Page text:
By Sara Kamsvåg and Sondre Bakker
Northern Ireland and Ireland has had a complicated and troubling past. Ireland is an independent country, but Northern Ireland is on the other hand a part of Great Britain. The roots of the conflict go back til 1541 when Henry 8. conquered Ireland and introduced a protestant regime. The government started to give rewards to those landowners who established north of the country. This drove the original population south. In 1922, Ireland resigned from the United Kingdom. It was a hard fight, and six counties remained under British control. It formed Northern Ireland, and its inhabitants were looked at as a lower class. Today there is a split in the Northern Ireland population were one half want to stay as a part of the United Kingdom and the other wants to join the rest of Ireland.
The split has led to conflicts between the catholics in Ireland and the brits. After the Northern Ireland population started a political protest in 1969 the Great Britain sent military to keep order in the province. Among other things, the IRA – which had long led an anonymous existence – revitalized as a powerful military organization, which in the 1970s and 1980s, ran regular military activity against the British forces, in addition to a series of terrorist acts in Britain. The time between 1968 and 1997 is in Ireland called The Troubles, because of the terror during that time.
One of the most cited episodes in the conflict is called The Bloody Sunday, and occurred January 30th 1972, when British soldiers shot at civil right demonstration which killed 13 people and injured 16. This made the relationship between the catholics and the brits even more hateful.
The Good Friday Agreement in 1998 was hailed as one of the former British Prime Minister Tony Blair’s greatest accomplishments. A cease-fire was agreed upon by most of the political parties in Northern Ireland and the British and Irish Government. They committed themselves to use only democratic and peaceful means. In spite of some dissident groups that continue the fight, the Belfast Agreement in 1998 seems to be the most effective effort to end decades, and even centuries of conflicts and disagreements.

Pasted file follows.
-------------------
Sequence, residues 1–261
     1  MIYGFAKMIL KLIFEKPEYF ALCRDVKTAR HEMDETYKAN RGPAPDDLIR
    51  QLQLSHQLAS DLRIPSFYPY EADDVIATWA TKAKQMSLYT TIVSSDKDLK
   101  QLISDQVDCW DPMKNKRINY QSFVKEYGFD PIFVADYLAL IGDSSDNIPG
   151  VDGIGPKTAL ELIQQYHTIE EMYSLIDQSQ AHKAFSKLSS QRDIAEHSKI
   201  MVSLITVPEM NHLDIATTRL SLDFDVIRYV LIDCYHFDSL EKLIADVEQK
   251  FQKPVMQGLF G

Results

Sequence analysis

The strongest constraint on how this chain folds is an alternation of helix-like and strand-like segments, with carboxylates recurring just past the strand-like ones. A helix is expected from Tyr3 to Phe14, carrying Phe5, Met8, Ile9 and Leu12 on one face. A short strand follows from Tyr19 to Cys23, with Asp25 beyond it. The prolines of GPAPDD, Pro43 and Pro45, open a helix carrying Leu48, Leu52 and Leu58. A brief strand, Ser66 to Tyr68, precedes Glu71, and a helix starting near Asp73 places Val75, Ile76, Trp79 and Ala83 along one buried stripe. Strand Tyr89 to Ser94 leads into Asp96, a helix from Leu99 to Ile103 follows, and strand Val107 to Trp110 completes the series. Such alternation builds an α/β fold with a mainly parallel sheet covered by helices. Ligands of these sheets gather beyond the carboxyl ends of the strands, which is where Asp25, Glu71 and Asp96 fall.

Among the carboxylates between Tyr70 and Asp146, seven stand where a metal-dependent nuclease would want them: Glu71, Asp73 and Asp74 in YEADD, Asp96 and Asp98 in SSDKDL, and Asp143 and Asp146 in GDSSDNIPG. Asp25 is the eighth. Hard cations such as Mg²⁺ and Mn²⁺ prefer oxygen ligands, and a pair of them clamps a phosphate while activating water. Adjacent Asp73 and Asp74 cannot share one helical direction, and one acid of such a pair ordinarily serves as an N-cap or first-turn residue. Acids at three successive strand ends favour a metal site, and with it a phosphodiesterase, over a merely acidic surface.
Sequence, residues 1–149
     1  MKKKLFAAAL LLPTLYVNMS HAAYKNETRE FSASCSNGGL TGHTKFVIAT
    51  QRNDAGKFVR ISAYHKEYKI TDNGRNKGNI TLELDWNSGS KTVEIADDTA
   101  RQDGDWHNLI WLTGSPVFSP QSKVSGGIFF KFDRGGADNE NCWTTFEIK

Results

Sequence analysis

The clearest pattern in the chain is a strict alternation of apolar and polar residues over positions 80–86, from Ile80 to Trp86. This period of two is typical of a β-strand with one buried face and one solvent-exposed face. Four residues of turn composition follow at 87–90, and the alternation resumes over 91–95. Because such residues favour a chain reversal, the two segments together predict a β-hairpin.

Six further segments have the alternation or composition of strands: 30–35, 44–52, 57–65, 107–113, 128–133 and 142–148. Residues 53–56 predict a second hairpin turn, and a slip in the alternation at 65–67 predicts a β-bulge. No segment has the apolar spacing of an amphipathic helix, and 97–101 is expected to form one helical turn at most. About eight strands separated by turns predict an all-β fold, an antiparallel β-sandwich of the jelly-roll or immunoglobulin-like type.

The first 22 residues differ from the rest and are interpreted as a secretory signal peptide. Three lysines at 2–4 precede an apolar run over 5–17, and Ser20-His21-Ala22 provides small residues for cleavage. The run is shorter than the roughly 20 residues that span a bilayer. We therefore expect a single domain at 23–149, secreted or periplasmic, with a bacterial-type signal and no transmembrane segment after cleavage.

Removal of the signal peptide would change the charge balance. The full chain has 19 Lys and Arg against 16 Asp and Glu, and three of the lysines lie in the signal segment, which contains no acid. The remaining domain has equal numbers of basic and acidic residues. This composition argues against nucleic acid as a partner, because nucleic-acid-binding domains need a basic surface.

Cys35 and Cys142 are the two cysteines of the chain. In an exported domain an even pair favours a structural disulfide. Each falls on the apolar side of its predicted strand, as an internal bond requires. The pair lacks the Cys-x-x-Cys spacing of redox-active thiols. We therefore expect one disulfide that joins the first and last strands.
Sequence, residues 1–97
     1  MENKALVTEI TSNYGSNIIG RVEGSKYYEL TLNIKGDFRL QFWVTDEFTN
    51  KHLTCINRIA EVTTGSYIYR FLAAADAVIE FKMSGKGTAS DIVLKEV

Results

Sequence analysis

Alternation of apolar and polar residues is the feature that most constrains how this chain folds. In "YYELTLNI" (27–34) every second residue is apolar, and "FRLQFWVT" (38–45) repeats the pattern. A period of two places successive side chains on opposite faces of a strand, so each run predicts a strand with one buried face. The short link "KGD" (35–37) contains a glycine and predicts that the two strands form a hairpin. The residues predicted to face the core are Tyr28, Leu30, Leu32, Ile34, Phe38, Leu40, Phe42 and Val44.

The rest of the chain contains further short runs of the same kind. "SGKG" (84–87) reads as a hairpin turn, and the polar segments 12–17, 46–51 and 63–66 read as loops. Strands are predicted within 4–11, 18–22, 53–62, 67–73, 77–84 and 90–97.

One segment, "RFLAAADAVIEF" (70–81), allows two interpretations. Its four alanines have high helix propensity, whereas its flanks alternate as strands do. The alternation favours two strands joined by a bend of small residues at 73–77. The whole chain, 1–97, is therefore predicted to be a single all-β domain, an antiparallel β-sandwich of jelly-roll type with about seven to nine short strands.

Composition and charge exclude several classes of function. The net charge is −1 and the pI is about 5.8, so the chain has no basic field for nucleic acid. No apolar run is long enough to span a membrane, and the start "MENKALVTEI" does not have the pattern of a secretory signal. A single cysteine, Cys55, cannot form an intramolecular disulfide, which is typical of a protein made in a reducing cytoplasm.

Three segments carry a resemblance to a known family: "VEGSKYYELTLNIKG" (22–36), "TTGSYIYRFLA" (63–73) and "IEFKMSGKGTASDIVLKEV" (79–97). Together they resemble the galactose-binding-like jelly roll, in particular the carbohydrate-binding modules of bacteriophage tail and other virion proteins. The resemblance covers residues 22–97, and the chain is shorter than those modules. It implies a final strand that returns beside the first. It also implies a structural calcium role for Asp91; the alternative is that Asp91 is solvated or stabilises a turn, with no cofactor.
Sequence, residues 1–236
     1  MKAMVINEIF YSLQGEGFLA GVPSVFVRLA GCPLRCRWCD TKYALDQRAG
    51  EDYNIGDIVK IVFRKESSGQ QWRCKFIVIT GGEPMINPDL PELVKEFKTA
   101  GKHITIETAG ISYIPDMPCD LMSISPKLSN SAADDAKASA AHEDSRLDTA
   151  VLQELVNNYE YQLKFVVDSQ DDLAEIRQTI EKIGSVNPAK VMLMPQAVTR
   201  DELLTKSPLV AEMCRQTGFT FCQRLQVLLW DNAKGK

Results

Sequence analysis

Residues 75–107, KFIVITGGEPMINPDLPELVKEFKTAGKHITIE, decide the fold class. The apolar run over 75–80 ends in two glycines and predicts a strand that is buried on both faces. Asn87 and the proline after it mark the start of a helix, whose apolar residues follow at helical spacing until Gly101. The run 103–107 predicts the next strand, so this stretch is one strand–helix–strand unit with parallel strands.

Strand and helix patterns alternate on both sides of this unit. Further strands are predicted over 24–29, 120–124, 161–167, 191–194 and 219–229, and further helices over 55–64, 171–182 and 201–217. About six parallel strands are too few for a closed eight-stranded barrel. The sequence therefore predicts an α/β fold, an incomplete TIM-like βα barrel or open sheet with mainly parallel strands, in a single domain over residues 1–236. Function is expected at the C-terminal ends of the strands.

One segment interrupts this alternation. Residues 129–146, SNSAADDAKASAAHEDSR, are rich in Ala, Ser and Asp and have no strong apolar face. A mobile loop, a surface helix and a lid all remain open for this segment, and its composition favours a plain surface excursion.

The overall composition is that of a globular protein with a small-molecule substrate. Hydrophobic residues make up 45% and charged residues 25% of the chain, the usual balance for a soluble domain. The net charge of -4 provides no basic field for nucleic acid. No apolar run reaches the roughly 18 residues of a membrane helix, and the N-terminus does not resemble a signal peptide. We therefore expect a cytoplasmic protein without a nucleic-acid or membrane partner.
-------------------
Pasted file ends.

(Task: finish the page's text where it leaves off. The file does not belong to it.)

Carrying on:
When it comes to the Northern Irish – Irish border after Brexit, nobody really knows what will happen. On one hand you have people that would like to keep an open border between Northern Ireland and Ireland, but on the other hand you have people that would reinstate the former border. People of older generations in both Ireland and Northern Ireland would not want to see border crossings be reinstated, they remember The Troubles and would not want to be reminded of the destruction that took place during that time. Not only would it remind people of The Troubles, it would also be time consuming, and expensive. Simply, every civilian moving between Ireland and Northern Ireland would have to be checked every day, both time consuming and expensive for both countries. Another question that is likely to be asked is what will happen with people working on the opposite side of the border (i.e. Irish citizens working in Northern Ireland and vice versa)? Both the Irish and UK governments, as well as the President of the European Council has said that they do not wish for a hard border between the United Kingdom and Ireland, and they want to keep the Common Travel Area agreement. The Northern Irish economy will be severely damaged if they return to a hard border. Their largest trading partner is Ireland, 33.4% of all exported goods are exported to Ireland, which means that Ireland accounts for more than £2 billion of the Northern Irish GDP. Ireland is also Northern Ireland’s largest import partner.
Not going back to a hard border is difficult to say the least. When Brexit is complete, the Irish border will suddenly be the external border of the EU. This means that there almost has to be checks. There is no way that the UK can keep the Irish border open, because if they leave one border open they have to keep borders to all countries open, according to rules set by the World Trade Organization. This is not an option, as the UK would see cheap import goods being sold on their market, and not their own UK-produced goods. An open border would also mean less taxation on goods flowing into the country, which would result in a loss of income for the UK government. If the UK had decided to still be a part of the free market or remain in the customs union, things would have been a lot easier, but the current government has decided that they are opting to leave the single market and customs union when they leave the EU. It seems that the only option is a hard border, although this is not suitable due to the history on the island, or for the economy of Northern Ireland. If the solution to the border question was easy, it would simply have been solved by now. However, this is not the case and it will be interesting to see what the solution will be.